Towards the end of the growing season (October in Pacific NW), start visiting local stores and writing lettersto seed companies asking for donations of last year’s seed. It helps to include your Employer Identification Number (EIN) in your letter to prove your organization’s non-profit status and to allow the donor to deduct donations from their taxes.
Repack the seeds into smaller packets with your program’s info on it.
Determine your target growers, and then find a natural partner to help you distribute seeds to reach those individuals. The PCGP targeted practiced gardeners, which are a diverse group of people.
Because the EFN executive director has a connection with the leadership of the county library system, and because it covers the whole county geographically, the PCGP opted to distribute its repackaged seeds at the 17 branches of the county library system in the spring. To do this, the gleaning coordinator brought 17 beautified coffee cans full of seed packets and the PCGP brochure for distribution.
For seeds that need to be started early in the spring and transplanted, such as broccoli, onions, and tomatoes, the PCGP coordinator sought partners with greenhouses to start those seeds so they could be distributed at springtime events.
Partners included two high schools, three farms, and Tacoma’s biosolids treatment plant. The PCGP gleaning coordinator and Jesuit Volunteer organized volunteers to seed the plants in mid-late February at the high schools and the biosolids plant, while the farms graciously planted extra trays of the plants they normally grow.
Seeding entails filling seed starting trays with moist planting soil mix, putting 1+ seeds on each cell of the seed starting tray, lightly watering the seeds in, and leaving the tray in a greenhouse to germinate. Volunteers at each site were responsible for watering and caring for the plants until maturity in late April.
To maximize publicity, find a big event to distribute the bulk of your plants at. Most PCGP starts went out at the Community Garden Summit organized by the community garden coordinator in late April. At the end of the half-day Summit, attended by the mayor and consisting of gardening workshops, gardeners were invited to take plants and encouraged to grow them for their nearest food bank.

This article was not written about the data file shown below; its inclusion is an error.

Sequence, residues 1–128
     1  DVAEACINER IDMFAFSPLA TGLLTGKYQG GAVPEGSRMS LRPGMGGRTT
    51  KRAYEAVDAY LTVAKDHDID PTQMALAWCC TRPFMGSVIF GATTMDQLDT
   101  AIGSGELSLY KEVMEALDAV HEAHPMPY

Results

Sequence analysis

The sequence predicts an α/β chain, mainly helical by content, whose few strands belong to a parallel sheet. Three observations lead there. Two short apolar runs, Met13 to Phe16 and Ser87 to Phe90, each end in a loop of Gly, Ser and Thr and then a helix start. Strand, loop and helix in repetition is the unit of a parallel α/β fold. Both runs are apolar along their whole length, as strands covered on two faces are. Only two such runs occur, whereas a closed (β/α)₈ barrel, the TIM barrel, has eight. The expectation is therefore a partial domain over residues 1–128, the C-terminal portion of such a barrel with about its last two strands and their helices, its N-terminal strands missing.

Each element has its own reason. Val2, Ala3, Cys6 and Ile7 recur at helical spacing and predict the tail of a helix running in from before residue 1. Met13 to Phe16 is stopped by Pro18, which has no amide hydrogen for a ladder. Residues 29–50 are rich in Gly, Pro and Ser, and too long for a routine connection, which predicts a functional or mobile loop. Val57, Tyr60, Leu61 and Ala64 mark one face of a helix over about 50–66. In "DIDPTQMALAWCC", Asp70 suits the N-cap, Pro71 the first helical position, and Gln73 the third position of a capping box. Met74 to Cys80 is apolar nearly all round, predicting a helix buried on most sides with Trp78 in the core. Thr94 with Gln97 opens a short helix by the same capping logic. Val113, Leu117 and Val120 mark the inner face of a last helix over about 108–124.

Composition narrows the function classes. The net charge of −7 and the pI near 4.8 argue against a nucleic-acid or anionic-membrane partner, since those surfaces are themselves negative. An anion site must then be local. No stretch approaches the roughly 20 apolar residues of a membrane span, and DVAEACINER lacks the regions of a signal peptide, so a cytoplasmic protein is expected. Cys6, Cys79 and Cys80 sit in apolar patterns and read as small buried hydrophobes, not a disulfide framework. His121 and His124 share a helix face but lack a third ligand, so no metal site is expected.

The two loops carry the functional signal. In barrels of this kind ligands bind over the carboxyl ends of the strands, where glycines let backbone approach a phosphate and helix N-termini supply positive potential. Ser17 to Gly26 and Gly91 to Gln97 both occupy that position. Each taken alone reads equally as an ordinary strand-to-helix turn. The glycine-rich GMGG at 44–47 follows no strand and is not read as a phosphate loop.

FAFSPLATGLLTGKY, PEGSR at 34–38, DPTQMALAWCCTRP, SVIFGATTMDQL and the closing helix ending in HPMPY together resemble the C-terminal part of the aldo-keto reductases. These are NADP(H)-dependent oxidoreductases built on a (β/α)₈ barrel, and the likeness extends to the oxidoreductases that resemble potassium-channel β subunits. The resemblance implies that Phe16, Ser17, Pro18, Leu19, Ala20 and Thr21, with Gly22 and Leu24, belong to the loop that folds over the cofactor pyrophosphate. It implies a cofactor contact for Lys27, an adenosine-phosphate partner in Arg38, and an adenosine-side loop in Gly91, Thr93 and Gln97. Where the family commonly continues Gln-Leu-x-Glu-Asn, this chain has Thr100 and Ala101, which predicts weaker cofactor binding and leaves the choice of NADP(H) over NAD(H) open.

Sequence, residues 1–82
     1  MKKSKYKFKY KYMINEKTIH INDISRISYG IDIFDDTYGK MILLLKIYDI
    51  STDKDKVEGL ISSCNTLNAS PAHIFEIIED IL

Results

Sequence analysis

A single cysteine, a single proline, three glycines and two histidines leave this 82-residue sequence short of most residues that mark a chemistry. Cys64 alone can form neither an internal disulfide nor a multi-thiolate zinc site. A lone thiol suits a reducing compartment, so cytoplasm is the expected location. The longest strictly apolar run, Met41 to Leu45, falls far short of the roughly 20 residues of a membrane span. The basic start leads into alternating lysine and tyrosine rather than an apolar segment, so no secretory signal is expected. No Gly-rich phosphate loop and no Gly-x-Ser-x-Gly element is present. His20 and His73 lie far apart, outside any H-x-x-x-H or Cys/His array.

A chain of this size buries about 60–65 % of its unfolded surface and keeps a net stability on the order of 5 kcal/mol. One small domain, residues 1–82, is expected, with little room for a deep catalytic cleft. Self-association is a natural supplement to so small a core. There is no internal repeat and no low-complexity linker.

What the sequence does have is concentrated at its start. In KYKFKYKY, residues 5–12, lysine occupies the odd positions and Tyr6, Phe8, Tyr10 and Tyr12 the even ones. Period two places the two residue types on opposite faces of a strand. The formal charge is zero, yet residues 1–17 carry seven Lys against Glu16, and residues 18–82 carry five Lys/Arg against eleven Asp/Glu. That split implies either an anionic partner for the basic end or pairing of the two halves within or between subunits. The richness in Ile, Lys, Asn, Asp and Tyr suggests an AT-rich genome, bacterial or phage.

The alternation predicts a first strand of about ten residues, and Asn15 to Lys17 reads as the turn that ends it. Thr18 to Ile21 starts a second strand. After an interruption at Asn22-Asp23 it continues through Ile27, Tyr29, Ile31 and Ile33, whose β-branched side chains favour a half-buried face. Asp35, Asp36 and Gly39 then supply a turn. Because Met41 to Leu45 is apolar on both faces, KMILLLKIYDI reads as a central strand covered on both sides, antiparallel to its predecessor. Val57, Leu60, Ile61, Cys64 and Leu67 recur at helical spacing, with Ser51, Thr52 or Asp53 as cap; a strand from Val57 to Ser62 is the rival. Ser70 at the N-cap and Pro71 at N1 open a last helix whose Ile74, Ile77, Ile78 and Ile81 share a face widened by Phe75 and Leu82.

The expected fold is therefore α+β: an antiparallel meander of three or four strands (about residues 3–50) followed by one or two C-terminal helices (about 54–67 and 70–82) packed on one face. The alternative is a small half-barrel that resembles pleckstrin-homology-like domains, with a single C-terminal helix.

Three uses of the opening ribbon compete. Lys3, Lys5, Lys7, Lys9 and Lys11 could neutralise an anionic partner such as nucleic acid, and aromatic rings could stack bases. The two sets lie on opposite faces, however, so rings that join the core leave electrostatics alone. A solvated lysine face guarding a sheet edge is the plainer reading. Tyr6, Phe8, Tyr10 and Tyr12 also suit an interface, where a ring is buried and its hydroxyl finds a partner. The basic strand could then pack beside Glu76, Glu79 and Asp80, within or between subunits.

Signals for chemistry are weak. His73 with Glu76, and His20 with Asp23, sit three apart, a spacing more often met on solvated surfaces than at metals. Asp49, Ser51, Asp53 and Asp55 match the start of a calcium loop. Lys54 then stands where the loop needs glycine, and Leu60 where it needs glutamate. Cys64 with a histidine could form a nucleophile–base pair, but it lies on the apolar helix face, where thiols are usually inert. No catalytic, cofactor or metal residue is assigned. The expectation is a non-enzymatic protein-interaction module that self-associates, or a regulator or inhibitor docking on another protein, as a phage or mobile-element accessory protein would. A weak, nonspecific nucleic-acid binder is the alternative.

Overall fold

To promote this idea, the PCGP coordinator and Jesuit Volunteer handed out lists of Where to Donate to gardeners on their way out. While nearly 150 gardeners took plants home, there were several trays of veggie starts left at the end of the day.
Distribute remaining plants. Leftover plants were kept at one of the high schools until they could be planted in community garden food bank plots on a volunteer day scheduled during national AmeriCorps week. The few remaining trays were distributed to clients at St. Leo’s.
Recordkeeping for such a decentralized project is difficult. Depending on the community, tracking can be done by the gardener or the food bank, and the records can be kept in the form of donation receipts or in a log.
Second Harvest in Spokane has great success tracking every single garden donation with its receipts, and Lettuce Link in Seattle works with the organized “P-Patch” gardeners, who track the donations in a log at each garden. The PCGP has started tracking monthly garden donations in logs at two food bank organizations, who cover a wide geographic area of the county and distribute 33% of the food given out by Pierce County’s 67 food banks.